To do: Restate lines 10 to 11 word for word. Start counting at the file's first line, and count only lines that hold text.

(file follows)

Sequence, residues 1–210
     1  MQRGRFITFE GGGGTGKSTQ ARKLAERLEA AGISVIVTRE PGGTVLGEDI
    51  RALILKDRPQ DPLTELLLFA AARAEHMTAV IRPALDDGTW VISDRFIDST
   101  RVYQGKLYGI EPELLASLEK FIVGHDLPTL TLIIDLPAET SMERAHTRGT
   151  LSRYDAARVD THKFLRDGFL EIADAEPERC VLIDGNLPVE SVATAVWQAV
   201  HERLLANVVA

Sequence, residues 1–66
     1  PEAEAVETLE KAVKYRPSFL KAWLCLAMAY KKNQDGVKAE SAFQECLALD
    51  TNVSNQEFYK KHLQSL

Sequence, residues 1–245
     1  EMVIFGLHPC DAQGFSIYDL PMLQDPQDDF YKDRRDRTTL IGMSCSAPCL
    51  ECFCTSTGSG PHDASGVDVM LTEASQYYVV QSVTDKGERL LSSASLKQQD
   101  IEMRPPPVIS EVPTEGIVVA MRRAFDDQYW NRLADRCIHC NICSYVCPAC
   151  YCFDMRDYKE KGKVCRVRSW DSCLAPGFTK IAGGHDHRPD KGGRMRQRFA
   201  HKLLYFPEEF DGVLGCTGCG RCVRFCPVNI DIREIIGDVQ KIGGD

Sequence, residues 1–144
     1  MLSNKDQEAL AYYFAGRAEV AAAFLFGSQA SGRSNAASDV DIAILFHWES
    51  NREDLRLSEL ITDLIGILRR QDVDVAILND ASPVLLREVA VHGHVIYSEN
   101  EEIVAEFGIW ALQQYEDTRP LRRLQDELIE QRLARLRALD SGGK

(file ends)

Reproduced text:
Sequence, residues 1–245
     1  EMVIFGLHPC DAQGFSIYDL PMLQDPQDDF YKDRRDRTTL IGMSCSAPCL